Eisenberg: Ravens Issue Or Non-Issue?


OK, it's time for another episode of the popular show, "Issue or Non-Issue," in which the most talked-about Ravens topics are broached and judgement rendered as to whether they're important or just hot air. We've got a lot of ground to cover so let's get to it. 

Topic: Breshad Perriman's injury.

Issue or Non-Issue: Issue.

Why: The Ravens don't have another wide receiver with his game-breaking speed, and they're still hoping this year's first-round draft pick becomes a deep threat and productive No. 2 wideout in 2015. It could easily happen, as there's plenty of time for him to recover and get going, but Perriman has missed enough time since injuring his knee in the first practice of training camp that you can't help wondering how much the situation will impact his ability to produce immediately.

Topic: Team-wide injuries.

Issue or Non-Issue: Non-issue.

Why: Sure, it's a setback that Matt Elam and Brent Urban probably are lost for the season and a handful of other Ravens are dealing with physical issues costing them practice time, but every NFL team deals with similar problems. Unfortunately, it's what happens in pro football. Players get hurt. Your depth gets tested. It graduates to an issue when a marquee player goes down, or several star players, or injuries pile up at one position, as happened with the Ravens at cornerback in 2014. So far, none of that is happening.

Topic: Matt Schaub's play.

Issue or Non-Issue: Non-issue.

Why: This is classic August chatter, debating the merits of a guy who will not play in 2015, barring injury. Joe Flacco has never missed a meaningful snap in seven seasons with the Ravens, so the caliber of his backup is a non-issue by default. (There are teams worried about how their starting quarterbacks are playing. That's an issue.) Yes, the Ravens did go with a more expensive insurance policy when they signed Schaub, and he struggled enough in early training camp practices that you had to wonder about his confidence level. But when the lights went on in the preseason opener last week, he threw a touchdown pass on his first series and played fine. Remember, he's the backup. If Flacco had to miss a few games for the first time, Schaub could run the offense and make some plays. That's all you should expect.

Topic: Short yardage offense.

Issue or Non-Issue: Issue.

Why: After marching down the field impressively on its first possession in the preseason opener, the Ravens' starting offense almost stalled at the New Orleans 1-yardline. The Saints blunted a third-down run and almost stopped Lorenzo Taliaferro's fourth-down try before he finally bulled across the goal line. It was not an unfamiliar sight. The Ravens have had their struggles in recent years in short-yardage situations, regardless of who is calling the plays, toting the ball or blocking. It doesn't make sense because they're adept at the running game and one of the league's more physical teams, but until they show it's no longer an issue, it remains on the list.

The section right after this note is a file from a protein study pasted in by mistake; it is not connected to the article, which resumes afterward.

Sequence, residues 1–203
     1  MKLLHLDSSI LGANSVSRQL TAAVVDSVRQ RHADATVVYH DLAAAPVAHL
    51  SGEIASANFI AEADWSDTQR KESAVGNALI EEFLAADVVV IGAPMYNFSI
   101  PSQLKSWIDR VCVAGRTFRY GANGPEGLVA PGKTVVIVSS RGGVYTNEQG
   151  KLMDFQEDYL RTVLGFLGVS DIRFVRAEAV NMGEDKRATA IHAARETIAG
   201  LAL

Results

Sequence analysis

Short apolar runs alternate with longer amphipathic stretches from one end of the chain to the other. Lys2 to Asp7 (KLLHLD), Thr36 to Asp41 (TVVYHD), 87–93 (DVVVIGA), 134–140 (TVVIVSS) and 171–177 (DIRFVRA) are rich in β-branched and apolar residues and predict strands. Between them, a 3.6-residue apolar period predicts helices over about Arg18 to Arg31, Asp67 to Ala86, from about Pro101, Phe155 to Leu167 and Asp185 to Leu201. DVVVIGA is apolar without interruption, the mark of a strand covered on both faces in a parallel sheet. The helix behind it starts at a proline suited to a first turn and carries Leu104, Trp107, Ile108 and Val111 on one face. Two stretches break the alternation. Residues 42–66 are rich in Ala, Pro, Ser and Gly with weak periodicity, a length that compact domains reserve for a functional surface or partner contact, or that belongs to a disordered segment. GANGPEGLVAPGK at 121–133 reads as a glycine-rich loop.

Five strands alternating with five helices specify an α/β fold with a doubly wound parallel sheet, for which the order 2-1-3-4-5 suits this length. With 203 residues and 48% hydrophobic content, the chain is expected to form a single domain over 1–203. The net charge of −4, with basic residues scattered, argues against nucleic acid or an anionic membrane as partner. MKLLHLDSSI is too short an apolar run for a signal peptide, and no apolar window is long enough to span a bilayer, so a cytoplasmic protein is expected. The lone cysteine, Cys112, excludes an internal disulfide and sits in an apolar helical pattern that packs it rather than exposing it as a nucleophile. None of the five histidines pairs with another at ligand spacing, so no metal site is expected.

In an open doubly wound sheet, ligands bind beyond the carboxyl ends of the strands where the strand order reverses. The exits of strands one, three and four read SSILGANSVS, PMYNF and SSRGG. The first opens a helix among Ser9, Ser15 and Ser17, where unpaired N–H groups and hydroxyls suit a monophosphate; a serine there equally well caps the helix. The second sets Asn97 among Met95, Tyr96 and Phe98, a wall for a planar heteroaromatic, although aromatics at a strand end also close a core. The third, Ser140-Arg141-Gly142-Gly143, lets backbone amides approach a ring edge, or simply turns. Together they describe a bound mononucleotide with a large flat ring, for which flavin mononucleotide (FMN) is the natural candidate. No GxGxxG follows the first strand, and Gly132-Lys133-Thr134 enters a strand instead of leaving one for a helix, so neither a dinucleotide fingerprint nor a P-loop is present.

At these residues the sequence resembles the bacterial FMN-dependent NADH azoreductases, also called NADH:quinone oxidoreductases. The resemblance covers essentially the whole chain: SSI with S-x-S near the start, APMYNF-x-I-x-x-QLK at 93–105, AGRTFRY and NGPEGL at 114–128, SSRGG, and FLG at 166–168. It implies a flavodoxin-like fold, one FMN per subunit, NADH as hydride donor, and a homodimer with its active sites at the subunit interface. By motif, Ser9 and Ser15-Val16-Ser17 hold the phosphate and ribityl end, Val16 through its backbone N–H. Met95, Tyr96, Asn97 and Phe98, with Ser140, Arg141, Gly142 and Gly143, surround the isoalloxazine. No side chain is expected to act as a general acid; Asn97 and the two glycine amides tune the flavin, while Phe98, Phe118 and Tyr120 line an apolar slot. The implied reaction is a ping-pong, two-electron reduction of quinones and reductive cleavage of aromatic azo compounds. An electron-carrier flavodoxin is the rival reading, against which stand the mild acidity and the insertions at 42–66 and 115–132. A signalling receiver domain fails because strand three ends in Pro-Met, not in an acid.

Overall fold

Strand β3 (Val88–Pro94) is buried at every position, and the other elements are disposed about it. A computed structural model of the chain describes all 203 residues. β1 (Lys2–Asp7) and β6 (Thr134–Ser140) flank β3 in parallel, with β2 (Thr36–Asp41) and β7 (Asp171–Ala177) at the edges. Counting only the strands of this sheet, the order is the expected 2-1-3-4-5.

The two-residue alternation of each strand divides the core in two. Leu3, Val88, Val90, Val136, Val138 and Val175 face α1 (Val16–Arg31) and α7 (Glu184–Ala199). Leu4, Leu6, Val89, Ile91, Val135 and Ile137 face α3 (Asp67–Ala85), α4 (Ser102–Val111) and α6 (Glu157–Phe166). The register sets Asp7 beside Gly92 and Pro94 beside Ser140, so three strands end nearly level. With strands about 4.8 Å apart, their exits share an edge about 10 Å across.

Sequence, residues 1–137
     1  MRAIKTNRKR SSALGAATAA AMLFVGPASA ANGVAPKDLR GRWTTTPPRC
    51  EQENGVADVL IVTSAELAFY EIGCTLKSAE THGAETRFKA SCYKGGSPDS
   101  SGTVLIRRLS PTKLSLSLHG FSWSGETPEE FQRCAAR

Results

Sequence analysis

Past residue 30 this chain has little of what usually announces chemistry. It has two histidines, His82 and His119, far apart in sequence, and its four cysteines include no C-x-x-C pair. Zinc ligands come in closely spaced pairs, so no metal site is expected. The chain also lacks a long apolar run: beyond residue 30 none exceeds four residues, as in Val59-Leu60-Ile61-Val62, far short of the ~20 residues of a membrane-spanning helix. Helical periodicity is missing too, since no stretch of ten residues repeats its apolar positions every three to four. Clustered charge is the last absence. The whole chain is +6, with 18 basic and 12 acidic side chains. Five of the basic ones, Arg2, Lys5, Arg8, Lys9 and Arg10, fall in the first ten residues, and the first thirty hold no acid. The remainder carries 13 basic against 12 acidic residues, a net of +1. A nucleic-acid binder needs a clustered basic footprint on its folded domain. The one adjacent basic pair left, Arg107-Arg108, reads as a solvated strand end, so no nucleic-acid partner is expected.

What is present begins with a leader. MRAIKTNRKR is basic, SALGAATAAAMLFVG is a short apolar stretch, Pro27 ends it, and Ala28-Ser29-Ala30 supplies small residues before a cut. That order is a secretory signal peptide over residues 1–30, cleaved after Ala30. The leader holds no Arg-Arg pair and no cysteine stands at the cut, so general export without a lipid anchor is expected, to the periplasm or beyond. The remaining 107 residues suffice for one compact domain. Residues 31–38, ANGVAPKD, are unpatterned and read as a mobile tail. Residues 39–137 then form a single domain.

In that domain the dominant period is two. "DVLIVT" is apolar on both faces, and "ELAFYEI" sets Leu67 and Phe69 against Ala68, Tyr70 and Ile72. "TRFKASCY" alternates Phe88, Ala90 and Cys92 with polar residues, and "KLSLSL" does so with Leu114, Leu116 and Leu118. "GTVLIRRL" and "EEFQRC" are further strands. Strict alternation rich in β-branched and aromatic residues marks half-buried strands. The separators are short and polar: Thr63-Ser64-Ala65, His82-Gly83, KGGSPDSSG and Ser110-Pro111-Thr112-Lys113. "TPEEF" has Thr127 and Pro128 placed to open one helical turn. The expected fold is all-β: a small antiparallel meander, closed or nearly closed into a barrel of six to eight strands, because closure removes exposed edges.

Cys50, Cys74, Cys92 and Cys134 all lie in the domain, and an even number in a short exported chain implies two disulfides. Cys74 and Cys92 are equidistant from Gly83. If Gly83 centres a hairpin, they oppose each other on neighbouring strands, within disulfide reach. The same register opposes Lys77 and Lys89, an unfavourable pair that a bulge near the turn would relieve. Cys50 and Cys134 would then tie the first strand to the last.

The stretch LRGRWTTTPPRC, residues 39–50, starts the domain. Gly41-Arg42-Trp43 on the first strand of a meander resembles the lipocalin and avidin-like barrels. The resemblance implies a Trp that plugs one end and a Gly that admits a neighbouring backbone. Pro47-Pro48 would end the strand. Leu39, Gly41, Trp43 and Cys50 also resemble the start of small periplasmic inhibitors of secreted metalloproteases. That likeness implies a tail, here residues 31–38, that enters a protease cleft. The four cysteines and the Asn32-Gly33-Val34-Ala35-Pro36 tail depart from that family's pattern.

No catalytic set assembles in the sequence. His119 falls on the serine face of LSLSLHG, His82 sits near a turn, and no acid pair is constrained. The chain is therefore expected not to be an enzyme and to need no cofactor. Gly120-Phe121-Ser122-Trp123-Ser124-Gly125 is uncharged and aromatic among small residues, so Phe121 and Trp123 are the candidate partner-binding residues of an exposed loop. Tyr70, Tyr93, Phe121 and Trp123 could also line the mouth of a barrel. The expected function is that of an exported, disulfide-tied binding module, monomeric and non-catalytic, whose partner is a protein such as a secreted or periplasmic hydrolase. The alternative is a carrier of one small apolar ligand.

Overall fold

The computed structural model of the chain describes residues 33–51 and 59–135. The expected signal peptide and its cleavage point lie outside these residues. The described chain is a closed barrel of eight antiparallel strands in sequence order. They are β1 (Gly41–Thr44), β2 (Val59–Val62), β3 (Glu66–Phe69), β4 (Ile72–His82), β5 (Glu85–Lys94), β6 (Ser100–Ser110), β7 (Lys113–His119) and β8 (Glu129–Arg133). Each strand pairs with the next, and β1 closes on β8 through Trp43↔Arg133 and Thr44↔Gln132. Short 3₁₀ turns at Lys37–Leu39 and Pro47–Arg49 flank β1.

Topic: Run defense without Haloti Ngata.

Issue or Non-Issue: Non-issue.

Why: Although Ngata was an immovable object in the middle of the defensive interior for almost a decade before being traded in March, the Ravens have some of their best young talent ready to step in and help carry on the defense's run-stopping tradition. Brandon Williams is a star in the making, a dominating, physical presence. Timmy Jernigan has excelled in training camp when healthy. Rookie Carl Davis impressed in the preseason opener and looks plug-and-play ready. It's almost as if GM Ozzie Newsome knew the day was coming when Ngata wouldn't be around and spent several years preparing for it. Well, that day is here and the Ravens are prepared.

Topic: Kick and punt returner vacancies.

Issue or Non-Issue: Issue.

Why: With Jacoby Jones handling both jobs, the Ravens led the NFL in kickoff return average in 2014, ranked second the year before, and also ranked second in punt return average in 2013. That's a strong return game. I don't second-guess them for making Jones a salary cap casualty after last season; he wasn't a home run hitter in 2014, exhibited questionable judgment at times, and with the volume of kickoff returns down due to rule changes, was paid too much. There are plenty of candidates in the mix to replace him, but the goal is not to experience much, if any, falloff, and no obvious successors have emerged. When you say "stay tuned," you've got an issue.

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